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10-11-2011 @ 4:10PM
Gold sellers don't introduce new gold to the game either. They steal it from one person and sell it to the other. No new gold there. Those mounts have been BOE for a while now. You cant get them any more unless you buy it off ebay..... Trading card game is a gamble. You get a bonus (almost like a drop chance) that rarely turns out to be something of in game value. The only gamble involved in this pet is keeping them in the AH with out reaching the saturation point. This is the same as the real money AH in diablo 3. Its ok to sell items.... as long as blizzard gets their share. Which way will this slope slip to next?
10-11-2011 @ 4:18PM
Gold sellers do introduce new gold into the economy when the hacked gold goes to the buyer the hacked player gets their gold/items restored. The only way it wouldn't is if they are able to track down the gold and take it away from the person who bought it.
10-11-2011 @ 5:13PM
Uh, Noyou, in some cases Blizzard DOES remove the gold from the person who bought it.You buy an obscenely large amount of gold (say 20,000g) and get caught, and watch Blizzard take it away.
10-11-2011 @ 5:17PM
I don't believe this is in any way going to turn into a situation that equates to Blizzard selling in-game currency. Lets define two parties:Buyer - a player that might potentially purchase the pet from another player in-game, either directly or through the auction house.Seller - a player trying to sell the pet once they obtain one, either by purchasing or getting one as a gift.Supply will be infinite, and the barrier to entry is very low. Demand will be low because it will be stupid easy to obtain the pet, so everybody who wants one will probably get one quickly either by buying it themselves or getting them as gifts. The value on the auction house will end up being very low because the time it takes to make a significant amount of in-game gold is more valuable than the $10 the pet costs.Essentially, if I'm a seller, I need to make a pretty large amount of gold to justify spending my $10 of real money. Probably well over 1000 gold. As a buyer, my time is valuable to me, so I would rather just spend 10 bucks and not waste the time it's going to take farming the gold. That simple fact will create a situation in which the seller will want a big chunk of gold for giving up real currency, but the buyer won't pay it because the time it takes to make that gold outweighs the value of just dropping 10 bucks real quick.Additionally, if anybody is worried about people using the cubs as a legitimate exchange medium for buying gold from gold farmers, I don't think having to spend an additional $10 on the pet will be attractive, and the gold sellers aren't going to give you a price break just to help you save risk.To summarize, the rules of supply and demand, and the real money component required to obtain the cub will ultimately remove any possibility of using it for meaningful in-game profit.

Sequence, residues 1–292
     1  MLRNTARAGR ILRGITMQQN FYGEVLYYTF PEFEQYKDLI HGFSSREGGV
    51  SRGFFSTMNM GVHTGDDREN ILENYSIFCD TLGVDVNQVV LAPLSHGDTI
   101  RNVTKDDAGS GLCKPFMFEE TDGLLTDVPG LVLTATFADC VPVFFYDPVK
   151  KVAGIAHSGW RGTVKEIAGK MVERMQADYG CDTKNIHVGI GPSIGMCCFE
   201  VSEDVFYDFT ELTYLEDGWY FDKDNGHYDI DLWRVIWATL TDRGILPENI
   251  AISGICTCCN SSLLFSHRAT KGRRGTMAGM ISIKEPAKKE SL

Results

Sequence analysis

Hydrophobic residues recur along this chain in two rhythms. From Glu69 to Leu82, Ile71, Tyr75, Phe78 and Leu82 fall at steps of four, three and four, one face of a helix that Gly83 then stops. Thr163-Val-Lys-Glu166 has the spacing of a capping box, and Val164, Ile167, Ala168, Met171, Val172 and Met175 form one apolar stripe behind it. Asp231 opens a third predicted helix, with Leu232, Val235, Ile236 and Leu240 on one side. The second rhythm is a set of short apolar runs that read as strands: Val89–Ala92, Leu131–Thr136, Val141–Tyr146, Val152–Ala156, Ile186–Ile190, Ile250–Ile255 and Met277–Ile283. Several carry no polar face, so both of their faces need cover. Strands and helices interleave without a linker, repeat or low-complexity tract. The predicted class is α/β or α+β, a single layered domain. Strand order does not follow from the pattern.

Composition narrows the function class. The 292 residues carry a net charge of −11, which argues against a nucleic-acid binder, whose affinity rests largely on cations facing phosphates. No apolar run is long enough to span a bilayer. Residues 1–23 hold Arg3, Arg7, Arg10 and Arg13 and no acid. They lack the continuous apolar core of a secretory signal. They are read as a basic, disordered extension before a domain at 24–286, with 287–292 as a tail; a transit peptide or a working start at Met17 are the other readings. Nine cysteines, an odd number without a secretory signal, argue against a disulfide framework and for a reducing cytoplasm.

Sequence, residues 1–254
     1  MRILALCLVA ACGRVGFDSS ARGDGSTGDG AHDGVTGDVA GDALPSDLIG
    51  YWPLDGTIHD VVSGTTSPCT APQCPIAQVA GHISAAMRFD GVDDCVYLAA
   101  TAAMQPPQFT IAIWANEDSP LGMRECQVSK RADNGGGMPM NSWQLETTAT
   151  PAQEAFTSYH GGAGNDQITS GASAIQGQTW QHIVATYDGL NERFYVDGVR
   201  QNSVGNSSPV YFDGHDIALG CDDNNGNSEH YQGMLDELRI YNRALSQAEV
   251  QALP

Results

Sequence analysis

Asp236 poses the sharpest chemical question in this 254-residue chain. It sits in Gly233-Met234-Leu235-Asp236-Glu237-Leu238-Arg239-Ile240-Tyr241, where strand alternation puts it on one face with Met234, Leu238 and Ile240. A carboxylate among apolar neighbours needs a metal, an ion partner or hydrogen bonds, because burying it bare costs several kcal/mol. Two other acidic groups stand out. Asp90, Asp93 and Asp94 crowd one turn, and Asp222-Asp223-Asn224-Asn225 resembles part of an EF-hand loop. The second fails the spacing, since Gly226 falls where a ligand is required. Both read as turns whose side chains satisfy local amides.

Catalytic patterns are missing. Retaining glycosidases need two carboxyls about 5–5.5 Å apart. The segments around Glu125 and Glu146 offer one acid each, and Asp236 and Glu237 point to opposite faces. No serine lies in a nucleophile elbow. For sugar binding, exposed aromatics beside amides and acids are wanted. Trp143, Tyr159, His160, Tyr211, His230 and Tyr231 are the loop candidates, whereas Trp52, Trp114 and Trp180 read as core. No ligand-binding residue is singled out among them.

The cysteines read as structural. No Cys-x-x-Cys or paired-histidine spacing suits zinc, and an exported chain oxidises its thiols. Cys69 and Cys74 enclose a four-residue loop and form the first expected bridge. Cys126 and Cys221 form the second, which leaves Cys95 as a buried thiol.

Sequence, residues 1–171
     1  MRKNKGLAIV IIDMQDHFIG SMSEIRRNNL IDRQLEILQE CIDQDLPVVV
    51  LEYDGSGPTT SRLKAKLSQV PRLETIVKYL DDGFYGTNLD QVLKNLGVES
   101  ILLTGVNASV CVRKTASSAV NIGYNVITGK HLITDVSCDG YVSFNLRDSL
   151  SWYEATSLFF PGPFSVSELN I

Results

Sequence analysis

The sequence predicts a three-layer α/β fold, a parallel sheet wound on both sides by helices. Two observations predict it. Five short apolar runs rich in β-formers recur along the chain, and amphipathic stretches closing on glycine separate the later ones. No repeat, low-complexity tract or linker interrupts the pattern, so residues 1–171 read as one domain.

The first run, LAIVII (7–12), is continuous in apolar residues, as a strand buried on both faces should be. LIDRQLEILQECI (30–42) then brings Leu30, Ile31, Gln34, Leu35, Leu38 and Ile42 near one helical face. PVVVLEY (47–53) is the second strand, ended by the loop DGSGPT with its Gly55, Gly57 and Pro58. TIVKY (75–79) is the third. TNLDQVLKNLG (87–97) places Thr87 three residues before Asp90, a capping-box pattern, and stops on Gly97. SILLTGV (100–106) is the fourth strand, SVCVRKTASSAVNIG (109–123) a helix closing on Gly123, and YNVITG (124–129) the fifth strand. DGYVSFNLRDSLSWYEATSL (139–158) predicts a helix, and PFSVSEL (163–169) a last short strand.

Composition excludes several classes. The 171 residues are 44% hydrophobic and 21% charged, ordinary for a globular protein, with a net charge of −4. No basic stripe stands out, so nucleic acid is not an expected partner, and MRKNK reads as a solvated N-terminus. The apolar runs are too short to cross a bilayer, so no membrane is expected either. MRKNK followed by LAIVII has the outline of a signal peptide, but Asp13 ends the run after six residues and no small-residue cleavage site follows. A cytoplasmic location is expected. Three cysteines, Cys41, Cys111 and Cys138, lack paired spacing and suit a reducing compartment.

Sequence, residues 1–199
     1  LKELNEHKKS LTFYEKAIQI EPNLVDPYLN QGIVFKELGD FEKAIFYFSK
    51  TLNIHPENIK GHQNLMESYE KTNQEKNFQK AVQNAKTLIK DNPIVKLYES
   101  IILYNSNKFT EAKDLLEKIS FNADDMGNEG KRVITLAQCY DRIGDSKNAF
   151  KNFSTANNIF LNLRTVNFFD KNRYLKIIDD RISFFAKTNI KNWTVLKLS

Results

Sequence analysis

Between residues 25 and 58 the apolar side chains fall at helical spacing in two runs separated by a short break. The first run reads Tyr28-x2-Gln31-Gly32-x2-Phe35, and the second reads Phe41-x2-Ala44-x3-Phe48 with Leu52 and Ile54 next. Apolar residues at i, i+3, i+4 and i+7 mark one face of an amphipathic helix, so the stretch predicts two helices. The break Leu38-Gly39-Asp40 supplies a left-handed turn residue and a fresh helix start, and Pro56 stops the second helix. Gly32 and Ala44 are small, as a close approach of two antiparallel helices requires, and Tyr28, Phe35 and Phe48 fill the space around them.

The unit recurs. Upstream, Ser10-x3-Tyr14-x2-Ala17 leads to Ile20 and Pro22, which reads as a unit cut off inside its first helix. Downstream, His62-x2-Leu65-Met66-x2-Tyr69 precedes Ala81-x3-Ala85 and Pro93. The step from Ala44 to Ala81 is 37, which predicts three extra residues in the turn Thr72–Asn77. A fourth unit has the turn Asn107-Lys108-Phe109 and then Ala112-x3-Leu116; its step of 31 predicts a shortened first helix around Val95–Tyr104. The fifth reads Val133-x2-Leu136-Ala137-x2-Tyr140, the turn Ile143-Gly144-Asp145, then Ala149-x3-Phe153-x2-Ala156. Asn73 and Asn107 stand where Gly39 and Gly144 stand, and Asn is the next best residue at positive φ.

10-12-2011 @ 5:57AM
The thing about this is that it's actually quite clever because it allows for gold buying but not gold selling. Gold sellers hack accounts and steal things because they can turn gold into cash. This doesn't do that, you can't convert the pet back into cash. It also doesn't introduce inflation the way that directly buying gold would do and is inherently limited by the market for the pet. Essentially it allows people to buy gold with pretty much zero consequences and within the scope of the game. Not too bad really.
10-12-2011 @ 7:55PM
@Drakkenfyre Obscene amount of gold huh ? like the 40,000+ gold for the "Vial of the Sands" in your nearest AH, if u ask me that's where the gold selling enterprise should be heading to.
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